We live in the ‘Age of Information,’ with the latest technology at our fingertips helping us to do everything from planning a holiday to studying for an MBA. In this context – and with so many new apps launched every week to help us declutter our consciousness – it can be easy to forget about the effectiveness of one of the oldest technologies for de-stressing that we have at our disposal. This is the ancient art of mantra meditation.
It seems so simple that the extent of the benefits of meditation can appear unbelievable. Chanting a mantra – or, “tool of thought” in the ancient Indian language of Sanskrit – is a technique which can help us step into the changes we want to see in our lives.
This 6000 year old Vedic technique is characterised by its efficacy and simplicity, and, with rates of work burnout increasing among millenials, the time is ripe to engage with it. However, the ancient history of mantra meditation, steeped in myriad traditions and practices, can leave a newcomer feeling daunted. In particular, the heady sense of coalescence between meditation and spirituality can seem impenetrable; and indeed off-putting; to people with a secular frame of reference.
But, when mantra meditation is pared down to its core components – finding the right mantra for you, and the practice of repeating it – it is democratised, and accessible to all.
Mantra meditation, in its purest form, is a technique which everybody can embrace, at any point in life’s journey. You can come to it with no preexisting background in meditation, and with any mindset. This guide will cut through the maelstrom of misconceptions that shroud the core principles of mantra meditation, covering how to get started, how it feels when it’s working, and how to go about finding your secret shibboleth: the mantra that can help you unlock the best version of you.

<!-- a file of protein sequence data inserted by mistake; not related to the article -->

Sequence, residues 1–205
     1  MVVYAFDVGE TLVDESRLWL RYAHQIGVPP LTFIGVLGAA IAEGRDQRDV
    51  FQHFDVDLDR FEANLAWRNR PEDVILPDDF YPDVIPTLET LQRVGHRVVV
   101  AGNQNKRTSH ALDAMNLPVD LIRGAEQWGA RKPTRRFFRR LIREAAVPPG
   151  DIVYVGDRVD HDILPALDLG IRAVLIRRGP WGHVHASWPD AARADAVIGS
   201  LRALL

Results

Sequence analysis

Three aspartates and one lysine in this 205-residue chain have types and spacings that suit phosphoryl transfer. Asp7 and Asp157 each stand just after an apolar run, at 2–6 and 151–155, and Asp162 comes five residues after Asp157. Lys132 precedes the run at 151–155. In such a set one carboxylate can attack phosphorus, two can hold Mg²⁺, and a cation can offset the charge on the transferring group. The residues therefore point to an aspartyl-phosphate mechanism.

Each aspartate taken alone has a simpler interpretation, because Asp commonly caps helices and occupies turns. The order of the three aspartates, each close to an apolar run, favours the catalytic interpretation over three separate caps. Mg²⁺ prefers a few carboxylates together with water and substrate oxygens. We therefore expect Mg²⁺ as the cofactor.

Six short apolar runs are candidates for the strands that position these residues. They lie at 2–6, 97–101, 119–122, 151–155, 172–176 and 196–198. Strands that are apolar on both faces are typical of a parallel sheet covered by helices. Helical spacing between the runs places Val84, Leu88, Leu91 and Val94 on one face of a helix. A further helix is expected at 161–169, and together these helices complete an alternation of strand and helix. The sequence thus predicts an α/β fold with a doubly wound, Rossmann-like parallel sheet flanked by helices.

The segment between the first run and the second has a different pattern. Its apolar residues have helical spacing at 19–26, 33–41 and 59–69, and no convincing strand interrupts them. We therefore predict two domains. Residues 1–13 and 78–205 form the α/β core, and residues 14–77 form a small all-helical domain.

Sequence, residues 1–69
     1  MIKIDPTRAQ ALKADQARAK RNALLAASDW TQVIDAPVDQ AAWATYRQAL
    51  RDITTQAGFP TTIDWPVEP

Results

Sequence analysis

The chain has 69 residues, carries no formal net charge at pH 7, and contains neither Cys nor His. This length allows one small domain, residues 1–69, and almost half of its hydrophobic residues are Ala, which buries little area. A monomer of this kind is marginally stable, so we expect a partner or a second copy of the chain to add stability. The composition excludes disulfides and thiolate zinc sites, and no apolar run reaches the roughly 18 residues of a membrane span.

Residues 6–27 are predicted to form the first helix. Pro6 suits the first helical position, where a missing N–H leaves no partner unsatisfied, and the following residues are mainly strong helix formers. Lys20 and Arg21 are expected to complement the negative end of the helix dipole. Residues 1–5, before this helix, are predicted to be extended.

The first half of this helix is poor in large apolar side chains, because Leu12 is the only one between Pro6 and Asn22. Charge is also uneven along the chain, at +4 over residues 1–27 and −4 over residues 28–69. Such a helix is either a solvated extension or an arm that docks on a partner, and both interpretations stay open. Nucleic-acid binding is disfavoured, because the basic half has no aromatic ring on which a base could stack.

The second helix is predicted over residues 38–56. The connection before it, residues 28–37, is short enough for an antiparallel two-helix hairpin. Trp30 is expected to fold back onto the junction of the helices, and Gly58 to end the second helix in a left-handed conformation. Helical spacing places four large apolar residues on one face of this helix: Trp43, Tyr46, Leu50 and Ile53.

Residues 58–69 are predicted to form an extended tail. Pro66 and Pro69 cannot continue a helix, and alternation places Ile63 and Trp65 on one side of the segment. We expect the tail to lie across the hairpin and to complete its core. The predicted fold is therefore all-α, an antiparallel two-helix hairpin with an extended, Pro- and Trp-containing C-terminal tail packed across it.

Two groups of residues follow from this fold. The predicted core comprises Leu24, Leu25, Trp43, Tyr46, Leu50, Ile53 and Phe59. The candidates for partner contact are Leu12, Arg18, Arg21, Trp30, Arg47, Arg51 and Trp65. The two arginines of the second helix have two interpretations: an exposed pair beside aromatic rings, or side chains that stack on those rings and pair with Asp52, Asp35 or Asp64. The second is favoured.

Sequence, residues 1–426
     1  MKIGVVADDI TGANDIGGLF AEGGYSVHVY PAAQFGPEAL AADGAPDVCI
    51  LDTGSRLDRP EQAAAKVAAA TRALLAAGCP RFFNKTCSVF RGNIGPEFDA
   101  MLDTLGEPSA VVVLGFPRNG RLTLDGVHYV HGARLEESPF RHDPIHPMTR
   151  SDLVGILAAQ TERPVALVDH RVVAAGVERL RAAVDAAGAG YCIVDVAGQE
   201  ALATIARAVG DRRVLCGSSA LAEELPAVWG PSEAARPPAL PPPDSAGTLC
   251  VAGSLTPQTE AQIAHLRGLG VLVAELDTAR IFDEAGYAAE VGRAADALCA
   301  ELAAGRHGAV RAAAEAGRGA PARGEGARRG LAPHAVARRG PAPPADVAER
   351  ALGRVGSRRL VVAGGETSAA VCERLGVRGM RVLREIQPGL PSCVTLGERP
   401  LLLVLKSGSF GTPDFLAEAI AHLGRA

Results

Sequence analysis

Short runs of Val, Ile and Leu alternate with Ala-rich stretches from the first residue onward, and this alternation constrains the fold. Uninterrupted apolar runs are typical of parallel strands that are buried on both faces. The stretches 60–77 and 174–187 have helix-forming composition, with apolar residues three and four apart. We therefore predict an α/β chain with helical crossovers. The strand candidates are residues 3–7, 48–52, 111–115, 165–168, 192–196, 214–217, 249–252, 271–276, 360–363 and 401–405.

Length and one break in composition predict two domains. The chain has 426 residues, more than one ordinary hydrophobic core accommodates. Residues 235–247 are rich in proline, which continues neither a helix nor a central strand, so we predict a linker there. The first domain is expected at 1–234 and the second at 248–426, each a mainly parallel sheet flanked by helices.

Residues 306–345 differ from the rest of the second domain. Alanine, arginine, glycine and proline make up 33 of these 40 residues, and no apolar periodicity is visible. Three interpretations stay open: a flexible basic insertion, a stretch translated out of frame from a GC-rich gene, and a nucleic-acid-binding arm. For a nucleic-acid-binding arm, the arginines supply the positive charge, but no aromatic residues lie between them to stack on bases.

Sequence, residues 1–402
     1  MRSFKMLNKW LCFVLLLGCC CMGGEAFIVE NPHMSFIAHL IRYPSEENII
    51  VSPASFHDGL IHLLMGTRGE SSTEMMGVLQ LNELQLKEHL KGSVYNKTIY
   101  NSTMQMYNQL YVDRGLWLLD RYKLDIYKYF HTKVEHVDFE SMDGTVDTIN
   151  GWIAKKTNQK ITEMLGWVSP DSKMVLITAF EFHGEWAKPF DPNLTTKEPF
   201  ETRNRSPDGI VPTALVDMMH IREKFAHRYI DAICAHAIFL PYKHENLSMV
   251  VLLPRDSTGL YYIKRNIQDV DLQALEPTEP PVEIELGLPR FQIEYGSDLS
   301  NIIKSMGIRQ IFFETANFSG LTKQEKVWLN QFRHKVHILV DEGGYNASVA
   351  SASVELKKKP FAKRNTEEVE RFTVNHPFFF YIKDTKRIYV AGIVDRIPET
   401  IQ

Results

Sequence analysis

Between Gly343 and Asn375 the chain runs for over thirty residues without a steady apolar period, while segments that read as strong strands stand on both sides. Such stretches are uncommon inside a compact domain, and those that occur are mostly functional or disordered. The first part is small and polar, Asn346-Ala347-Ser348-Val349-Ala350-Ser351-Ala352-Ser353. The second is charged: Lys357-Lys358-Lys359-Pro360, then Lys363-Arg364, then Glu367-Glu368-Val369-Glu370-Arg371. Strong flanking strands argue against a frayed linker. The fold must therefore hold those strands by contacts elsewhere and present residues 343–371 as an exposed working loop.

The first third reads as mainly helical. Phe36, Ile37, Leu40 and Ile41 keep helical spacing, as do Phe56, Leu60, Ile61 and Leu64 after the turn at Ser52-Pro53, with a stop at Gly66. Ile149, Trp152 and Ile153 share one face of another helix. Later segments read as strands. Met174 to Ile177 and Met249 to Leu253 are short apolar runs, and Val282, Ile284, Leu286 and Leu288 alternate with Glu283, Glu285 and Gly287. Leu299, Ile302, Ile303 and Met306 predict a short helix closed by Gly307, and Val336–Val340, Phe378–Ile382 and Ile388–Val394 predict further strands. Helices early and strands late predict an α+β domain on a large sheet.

Note: As a meditation teacher, I teach an ancient and effortless form of meditation called Beeja, but here I’ll be discussing mantra meditation in more general terms.
What you need: the three main ingredients of mantra meditation practice
Meditation is usually practiced sitting in a Full Lotus position (if you don’t know what that is, you’ve fallen at the first hurdle, I’m afraid!), on a hilltop, with the sunrise reaching peak beauty behind the mediator, who manages to be both adequately oblivious to, and perfectly in tune with, these perfect surroundings. Or, so your social media feed might have you believe. The truth is, there’s no “right way” to practice mantra meditation, and there’s certainly no need to feel tramelled by the idea that there are multiple invisible boxes to tick, or set rules that are difficult to discern, let alone learn.
If you’re looking for a way in, you’ll be relieved to hear that the basics are not only effortless to understand, but yours to adapt freely as you experiment with them. Taking up mantra meditation is an exciting, exploratory process which is all about discovering what works best for you.
Mantra: the words you say
Most important of all – the essence and lifeblood of your mediation practice – is the phrase that you will be repeating to yourself. Your mantra is like a cross between the paddle of the rowboat which you will use to transport yourself through the time-period of your mediation practice, and your password to the widened perspectives and expanded calm zones which mediation can allow you to find in the rest of your life.